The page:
At this point, over the past couple of months, we’ve actually built up some pretty good systems. We’ve made a few prototype pieces of fabric and we are working on integrating the fabric process to our existing 3-D modeling machine. We’re definitely still in the development process, I’d say the early prototyping phase, but we’re actually building the machine now. So, in terms of development progress, the grant has been huge for us because we went from really scrappy parts in my kitchen to a machine that’s almost automated.
What’s been your biggest challenge with Electroloom thus far? What about your biggest win/achievement?
The biggest challenge is kind of two-fold: there is the obvious engineering challenge of building a device. Since it uses hardware, there are electrical engineering challenges, there are software challenges, even just machining some of this stuff–we’re always going to be encountering issues that we couldn’t foresee. The other big challenge is just financing. We decided to go all-in and make this our full-time gig, but some of the key technologies that we want necessarily require funding and capital to be able to build them in the best way, so we’re exploring how we can solve and overcome this now.
The biggest win has been the reception of the idea. Electroloom was our crazy dream and after the exposure from Fast Company we had all of these people emailing us and reaching out and either praising the idea, encouraging us and even offering a way to get involved or help. What was really wild to me was that it wasn’t just Silicon Valley or LA, it was people from Paris, Vietnam, Czech Republic, England, Brazil—seriously, all over the world. It was a really surreal experience to open up my inbox and see emails from around the world with people saying, “I heard about your idea and I think it’s really cool.” Regardless of how far along we are in our development process, so far, for me, it’s been so great to know that I’m building something people care about and something they are inspired by.
How has the Tech Shop partnership helped to shape Electroloom’s development?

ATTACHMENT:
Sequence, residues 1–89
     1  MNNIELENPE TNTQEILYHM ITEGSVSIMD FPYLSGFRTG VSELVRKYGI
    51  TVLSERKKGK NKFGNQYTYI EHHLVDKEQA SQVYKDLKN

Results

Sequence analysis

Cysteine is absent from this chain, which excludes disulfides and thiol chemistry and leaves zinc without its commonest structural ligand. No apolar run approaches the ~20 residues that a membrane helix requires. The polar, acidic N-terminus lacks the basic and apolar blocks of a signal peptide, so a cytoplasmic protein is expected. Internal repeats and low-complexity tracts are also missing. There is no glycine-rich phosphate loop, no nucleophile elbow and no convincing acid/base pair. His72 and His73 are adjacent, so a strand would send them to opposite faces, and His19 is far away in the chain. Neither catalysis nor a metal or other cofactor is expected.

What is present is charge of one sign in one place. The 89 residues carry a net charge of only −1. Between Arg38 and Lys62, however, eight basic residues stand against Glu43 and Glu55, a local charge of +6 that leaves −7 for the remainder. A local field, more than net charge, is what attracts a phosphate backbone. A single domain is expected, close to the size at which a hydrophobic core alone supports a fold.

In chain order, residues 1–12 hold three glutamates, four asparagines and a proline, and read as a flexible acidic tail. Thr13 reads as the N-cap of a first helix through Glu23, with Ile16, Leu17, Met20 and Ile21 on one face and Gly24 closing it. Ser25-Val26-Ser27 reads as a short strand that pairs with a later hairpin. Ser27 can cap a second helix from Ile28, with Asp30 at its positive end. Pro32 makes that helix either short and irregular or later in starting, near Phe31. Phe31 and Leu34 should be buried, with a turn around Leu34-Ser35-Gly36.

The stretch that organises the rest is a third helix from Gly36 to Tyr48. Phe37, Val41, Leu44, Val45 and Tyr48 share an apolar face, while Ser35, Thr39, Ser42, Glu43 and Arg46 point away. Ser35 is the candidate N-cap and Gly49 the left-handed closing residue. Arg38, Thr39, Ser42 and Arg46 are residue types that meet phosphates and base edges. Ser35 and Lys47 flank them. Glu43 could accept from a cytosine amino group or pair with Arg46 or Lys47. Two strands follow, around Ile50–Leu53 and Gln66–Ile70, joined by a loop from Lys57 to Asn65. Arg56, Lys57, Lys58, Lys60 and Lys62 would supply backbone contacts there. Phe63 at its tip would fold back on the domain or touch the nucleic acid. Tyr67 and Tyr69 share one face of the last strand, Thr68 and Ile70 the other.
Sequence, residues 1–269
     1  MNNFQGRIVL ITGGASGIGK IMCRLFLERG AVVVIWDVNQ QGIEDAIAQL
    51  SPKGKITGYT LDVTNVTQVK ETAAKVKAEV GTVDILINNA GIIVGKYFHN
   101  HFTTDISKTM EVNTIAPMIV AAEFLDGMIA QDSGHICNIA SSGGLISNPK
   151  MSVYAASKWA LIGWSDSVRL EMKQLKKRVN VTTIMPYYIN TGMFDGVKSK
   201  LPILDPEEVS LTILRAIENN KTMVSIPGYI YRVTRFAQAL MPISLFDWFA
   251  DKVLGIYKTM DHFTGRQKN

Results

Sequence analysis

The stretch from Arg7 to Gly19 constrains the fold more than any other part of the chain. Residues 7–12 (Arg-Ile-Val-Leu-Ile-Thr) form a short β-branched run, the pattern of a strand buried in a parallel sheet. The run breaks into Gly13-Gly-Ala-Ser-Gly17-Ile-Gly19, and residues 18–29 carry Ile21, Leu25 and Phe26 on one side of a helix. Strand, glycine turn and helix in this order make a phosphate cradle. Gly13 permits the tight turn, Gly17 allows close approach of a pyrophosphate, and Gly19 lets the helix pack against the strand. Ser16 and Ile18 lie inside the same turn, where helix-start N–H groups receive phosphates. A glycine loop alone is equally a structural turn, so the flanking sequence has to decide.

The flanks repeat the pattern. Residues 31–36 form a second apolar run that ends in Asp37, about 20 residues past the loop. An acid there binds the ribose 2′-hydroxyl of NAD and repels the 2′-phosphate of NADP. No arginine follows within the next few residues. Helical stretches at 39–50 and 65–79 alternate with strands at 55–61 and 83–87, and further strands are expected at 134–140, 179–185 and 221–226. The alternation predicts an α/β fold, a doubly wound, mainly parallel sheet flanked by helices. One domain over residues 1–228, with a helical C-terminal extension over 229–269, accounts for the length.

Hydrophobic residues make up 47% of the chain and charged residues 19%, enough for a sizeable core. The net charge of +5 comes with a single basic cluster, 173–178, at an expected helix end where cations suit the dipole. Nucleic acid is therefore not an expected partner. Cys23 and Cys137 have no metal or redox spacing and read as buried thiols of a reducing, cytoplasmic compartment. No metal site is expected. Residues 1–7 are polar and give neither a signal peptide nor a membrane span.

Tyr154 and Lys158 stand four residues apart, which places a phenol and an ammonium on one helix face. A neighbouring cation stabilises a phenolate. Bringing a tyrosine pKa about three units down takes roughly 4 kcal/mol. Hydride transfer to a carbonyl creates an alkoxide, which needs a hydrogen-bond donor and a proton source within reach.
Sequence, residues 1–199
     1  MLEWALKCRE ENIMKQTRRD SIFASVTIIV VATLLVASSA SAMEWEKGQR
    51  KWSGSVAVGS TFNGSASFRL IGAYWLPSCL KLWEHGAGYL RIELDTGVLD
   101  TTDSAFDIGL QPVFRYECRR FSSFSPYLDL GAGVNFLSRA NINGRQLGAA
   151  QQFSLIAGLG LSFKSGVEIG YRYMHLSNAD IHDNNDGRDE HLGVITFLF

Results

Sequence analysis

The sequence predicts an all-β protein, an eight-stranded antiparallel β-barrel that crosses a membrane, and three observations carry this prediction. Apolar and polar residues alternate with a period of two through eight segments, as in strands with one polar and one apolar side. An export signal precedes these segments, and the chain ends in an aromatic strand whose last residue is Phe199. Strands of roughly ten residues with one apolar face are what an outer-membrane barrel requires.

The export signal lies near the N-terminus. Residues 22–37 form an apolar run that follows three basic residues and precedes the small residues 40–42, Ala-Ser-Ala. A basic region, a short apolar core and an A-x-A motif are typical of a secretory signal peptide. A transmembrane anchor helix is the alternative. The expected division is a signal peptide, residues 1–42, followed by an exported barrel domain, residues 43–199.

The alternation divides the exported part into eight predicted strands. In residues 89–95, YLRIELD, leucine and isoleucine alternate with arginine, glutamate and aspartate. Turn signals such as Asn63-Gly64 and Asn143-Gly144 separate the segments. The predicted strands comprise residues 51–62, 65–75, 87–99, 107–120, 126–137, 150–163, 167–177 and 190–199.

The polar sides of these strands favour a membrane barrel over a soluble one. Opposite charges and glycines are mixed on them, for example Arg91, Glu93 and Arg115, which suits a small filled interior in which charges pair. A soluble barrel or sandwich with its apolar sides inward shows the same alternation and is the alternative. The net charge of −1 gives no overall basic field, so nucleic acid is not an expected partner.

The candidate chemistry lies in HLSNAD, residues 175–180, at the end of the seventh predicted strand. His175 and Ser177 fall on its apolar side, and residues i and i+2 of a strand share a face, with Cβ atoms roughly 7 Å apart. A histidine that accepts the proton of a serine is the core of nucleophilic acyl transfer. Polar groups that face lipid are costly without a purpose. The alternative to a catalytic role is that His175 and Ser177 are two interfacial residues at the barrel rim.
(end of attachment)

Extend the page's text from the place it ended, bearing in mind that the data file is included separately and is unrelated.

I rave about Tech Shop to everyone! It’s one of the only places I’ve seen that’s a true hub for people to do creative work that’s so diverse. I try to get in there as often as I can. Having access to the machines is incredible. I can do things, prototyping-wise, that I wouldn’t have otherwise been able to do. Being in that environment where people are super motivated and determined and want to create something really different than the status quo, that’s accelerated what we’ve been doing. It’s such a nurturing environment that I think has really enhanced the Electroloom build process.
If I’m not at my apartment, I’m generally at Tech Shop.
What is your development schedule looking like?
We don’t have a hard date. Dates are manifesting as the technology progresses, so our biggest focus for 2014 is advancing as much as possible. Our goal by end of year is to have some form of a prototype. Whether that is only slightly improved over our duct tape prototype or a fully functional, ready-for-manufacturing version, that’s still to be determined, but we’ve slated 2014 as a really in-depth development year, where we start to really understand the technology and how to advance it from there.
If you could look 5 years into the future, where do you see yourself and Electroloom?
I think whether it’s Electroloom or another technology, I would hope that in five years, this idea of rapid prototyping of clothing is credible and that people are using it. For me, it’s more about affecting the existing paradigm. Even if Electroloom does nothing more than advance the conversation and inspire people to rethink thousands of years old systems like clothing, that’s enough and that’s what I hope comes out of it.
Fundamentally, I hope that Electroloom allows people to feel empowered about design and feel that clothing design is more accessible.
Aaron Rowley will be speaking at Techshop SF Maker Faire 2014 in late May.
Written by Rachel Maniago
Photos by Daniel Morris